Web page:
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You kids get off my lawn. 

Papercutz Slices #3: Percy Jerkson and the Ovolactovegetarians - Stefan Petrucha I was going to roll up and give this stupid thing two stars, which is exactly one more than it deserves from me, but when I see how low the average rating is, I'm going to get all soft and give it a pity star. This exists somewhere between the Scary Movie franchise and later Shrek movies in terms of lamely obvious puns and allusions that seek to stand in for real satire or parody. And this may be praising it with faint damns, but this book's absolute lameness is its selling point.

It's probably a sickness of the Xer set, of which I am a member, to get all verklempt over childhood nostalgia, and this rang a bunch of my nostalgic bells. I read a lot of Mad Magazine at an impressionable age, and I was impressionable precisely because I was probably two years too young for it. So much of it went directly over my head, but I was old enough to feel the whoosh as it passed, which is why I reading it in the first place. I feel like, in general, I was reading at least two years ahead of myself, but when I was old enough to get it, Mad was way too babyish for me. I feel like that is the story of my early reading life - two years ahead and at the same time two years behind. Young adult, as a category, didn't really exist back in my day - get off my lawn, kiddies - but I suspect that as a young adult, I would have eschewed the crap out of such a thing. Give me Dostoevsky so I can totally miss the point! Oh, Holden Caulfield, how I will completely misjudge you! Lolwhat, Animal Farm? You're a thick political allegory? No way!1!!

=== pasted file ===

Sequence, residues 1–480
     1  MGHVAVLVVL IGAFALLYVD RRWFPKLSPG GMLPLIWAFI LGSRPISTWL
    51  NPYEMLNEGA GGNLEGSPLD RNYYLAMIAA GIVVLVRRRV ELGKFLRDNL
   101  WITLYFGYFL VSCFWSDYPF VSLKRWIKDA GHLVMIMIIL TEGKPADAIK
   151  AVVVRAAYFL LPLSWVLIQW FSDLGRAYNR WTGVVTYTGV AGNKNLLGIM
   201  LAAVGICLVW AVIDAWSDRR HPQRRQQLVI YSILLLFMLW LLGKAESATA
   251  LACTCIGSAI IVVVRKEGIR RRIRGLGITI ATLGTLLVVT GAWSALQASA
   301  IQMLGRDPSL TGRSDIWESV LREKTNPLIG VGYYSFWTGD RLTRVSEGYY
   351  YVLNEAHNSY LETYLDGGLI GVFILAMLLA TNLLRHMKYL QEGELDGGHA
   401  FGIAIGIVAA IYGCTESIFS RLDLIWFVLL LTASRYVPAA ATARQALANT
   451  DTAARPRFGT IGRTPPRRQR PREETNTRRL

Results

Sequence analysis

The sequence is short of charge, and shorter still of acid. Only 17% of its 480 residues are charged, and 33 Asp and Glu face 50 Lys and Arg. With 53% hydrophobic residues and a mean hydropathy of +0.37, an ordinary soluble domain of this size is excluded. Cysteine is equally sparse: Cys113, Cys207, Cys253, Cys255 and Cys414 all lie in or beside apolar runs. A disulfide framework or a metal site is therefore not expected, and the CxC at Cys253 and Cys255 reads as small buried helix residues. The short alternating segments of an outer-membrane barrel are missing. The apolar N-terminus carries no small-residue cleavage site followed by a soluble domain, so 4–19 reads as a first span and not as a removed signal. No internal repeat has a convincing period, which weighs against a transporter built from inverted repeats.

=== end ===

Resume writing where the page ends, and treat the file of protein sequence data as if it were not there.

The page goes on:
I get the distinct impression that this book is perfectly aimed at my 9-year-old, and that he likes it as much as he does is notable - he should be two years too old for this. He's finished reading the Percy Jackson series at least twice - a thing I envy him for: his ability obsessively to reread - and when I found this in a library display, my brain went yessss. He keeps running up to me to show me the "references," as he calls the just cringe-inducing hat-tips to this and that children's literature. (He shows me the "references" in Garfield cartoons too, for the record. Look! Odie dressed up as Calvin! Oh, buuuuurrrrrrn, Calvin and Hobbes!) I'm enough of a critical weirdo to keep saying stuff like, "You know, simply referencing something does not a parody make," but realistically, I'm only saying stuff like this to hear myself speak. My cranky old-talk isn't going to poke a pin in his enjoyment. He doesn't give a care beyond exercising his reading prowess - omg, I recognize you, and you, and you - and god bless his little heart for that. So four stars, crappy kids' "parody" comic. Anyone over the age of ten is not allowed in the clubhouse, but if you're in the clubhouse, it's a durn fine time.

(And, of course, there's a bunch more of these crap books out there, including such titles as [b:The Hunger Pains: A Parody|13031445|The Hunger Pains A Parody|The Harvard Lampoon|http://d.gr-assets.com/books/1344395623s/13031445.jpg|18194783] and [b:Papercutz Slices #1: Harry Potty and the Deathly Boring|7739853|Papercutz Slices #1 Harry Potty and the Deathly Boring|Stefan Petrucha|http://d.gr-assets.com/books/1316728834s/7739853.jpg|10545470]. So, you're welcome.)